West Central Iowa started planting seed corn for the second time Friday, May 10. As of Monday night, one of my dealers was excited to share that his wife went for her evening walk and saw corn emerged in his field. This is the first emerged corn I have heard of in the area to date. This same dealer is starting to plant seed beans today. By my estimate West Central Iowa is 45 to 55% done planting corn and 5% done planting soybeans.
North Central Iowa started planting seed corn for the second time Sunday, May 12. Having received more snow than my Western territory, the northern area needed a few more days to dry out before returning to the field. Everything seems to be progressing nicely but no fields have emerged as of yet. North Central Iowa is 35 to 45% done with corn and 2 to 3% done with soybeans.
Harvest for North Central & West Central Iowa will be pretty much done by the end of the week. Given what very little rain we received throughout the season, corn and soybean yields were better than expected.
When buying your seed corn and seed beans for next year, remember to spread your risk and plant earlier and later maturities. For example, last year the earlier soybeans outperformed the later maturities. This year is just the opposite. In North Central Iowa test plots this year, we placed a 2.0 maturity soybean next to a 2.5 maturity, and the 2.5 maturity won due to weather experienced in 2012. Last year the 2.0 maturity did better because of weather experienced in 2011. Corn is no different. Diversification is key.
Corn harvest is well under way in West Central and southwest Iowa with moistures running 14-20 percent. Yields are not as good as we had hoped in some situations while they’re surprising good in other areas. I had the shock of my life on Wednesday afternoon when a producer called after harvesting his LH 6058 VT3 PRO along I 29 south of Sioux City. Knowing yields were all over the board I wasn’t expecting to hear he got 264 dry bushels per acre. Yes, 264! Come to find out, there was a strip about 2 miles wide that didn’t miss a rain this summer. His crop definitely benefitted from timely rains.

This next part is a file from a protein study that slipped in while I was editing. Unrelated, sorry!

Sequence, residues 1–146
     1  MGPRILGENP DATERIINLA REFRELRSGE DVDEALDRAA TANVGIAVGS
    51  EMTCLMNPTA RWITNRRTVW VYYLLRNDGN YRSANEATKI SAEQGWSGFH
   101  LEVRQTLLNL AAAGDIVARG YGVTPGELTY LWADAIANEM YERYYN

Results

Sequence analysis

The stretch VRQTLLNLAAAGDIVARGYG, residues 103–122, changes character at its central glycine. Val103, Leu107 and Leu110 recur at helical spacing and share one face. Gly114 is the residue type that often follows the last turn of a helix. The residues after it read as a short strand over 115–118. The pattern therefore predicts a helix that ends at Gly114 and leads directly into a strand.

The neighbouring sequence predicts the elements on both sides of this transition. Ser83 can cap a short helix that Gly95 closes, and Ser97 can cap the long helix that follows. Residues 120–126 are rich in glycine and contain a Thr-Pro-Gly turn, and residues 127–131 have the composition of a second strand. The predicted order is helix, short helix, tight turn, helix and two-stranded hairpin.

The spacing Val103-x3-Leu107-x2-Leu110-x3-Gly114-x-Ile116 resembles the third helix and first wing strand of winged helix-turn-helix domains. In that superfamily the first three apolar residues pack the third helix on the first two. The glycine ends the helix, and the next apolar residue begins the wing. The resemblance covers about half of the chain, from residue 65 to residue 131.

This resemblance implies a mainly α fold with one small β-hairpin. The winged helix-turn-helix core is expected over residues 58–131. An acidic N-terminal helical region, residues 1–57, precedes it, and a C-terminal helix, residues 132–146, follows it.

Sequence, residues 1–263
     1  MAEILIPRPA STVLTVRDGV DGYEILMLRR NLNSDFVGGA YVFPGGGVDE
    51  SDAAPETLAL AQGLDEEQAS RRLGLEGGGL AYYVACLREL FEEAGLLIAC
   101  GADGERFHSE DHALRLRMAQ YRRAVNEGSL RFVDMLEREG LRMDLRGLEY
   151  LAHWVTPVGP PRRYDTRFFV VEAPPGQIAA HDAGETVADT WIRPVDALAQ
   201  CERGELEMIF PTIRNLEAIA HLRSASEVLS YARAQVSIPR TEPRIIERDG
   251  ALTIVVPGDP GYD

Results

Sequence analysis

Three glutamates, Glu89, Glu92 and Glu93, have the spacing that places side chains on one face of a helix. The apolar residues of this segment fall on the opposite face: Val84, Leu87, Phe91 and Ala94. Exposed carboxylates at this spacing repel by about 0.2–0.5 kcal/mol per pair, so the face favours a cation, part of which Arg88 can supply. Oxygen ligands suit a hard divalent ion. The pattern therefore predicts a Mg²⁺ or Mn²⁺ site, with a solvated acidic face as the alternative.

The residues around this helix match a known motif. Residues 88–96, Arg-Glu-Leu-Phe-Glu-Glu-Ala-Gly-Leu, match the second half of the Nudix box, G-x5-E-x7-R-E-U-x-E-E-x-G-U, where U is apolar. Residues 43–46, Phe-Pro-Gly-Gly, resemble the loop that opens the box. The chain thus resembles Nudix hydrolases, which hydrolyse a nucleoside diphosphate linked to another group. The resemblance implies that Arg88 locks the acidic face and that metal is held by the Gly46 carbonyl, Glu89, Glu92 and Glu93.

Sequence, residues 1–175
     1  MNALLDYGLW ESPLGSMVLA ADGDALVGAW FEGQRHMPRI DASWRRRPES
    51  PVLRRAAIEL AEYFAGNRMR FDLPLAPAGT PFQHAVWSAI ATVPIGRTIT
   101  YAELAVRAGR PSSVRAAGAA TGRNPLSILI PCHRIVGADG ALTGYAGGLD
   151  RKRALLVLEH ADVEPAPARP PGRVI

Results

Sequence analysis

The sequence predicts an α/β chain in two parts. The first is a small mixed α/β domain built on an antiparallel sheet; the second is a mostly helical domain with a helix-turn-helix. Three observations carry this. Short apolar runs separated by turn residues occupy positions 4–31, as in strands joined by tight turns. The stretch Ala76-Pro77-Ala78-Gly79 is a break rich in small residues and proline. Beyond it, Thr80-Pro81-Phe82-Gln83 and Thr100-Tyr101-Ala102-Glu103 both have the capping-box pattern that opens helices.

Other areas were not so lucky and are seeing yields run 80 to 130 bu/A on rotated ground and 60 to 90 in corn on corn situations. Although these are not tremendous yields, they’re better than nothing.
Producers need to get out of their combines and check field loss. In several areas, field are greening up with 2-3 leaf volunteer corn. Follow your gut, not the book: slow down harvest speeds and slow down the fan a little. Trash in the bin will save bushels going out the back. Check your tailing and make proper adjustments. Remember that 3-5 bushels on the ground from ears not being shelled completely or blowing corn out with too much air adds up to $24-$40 an acre!
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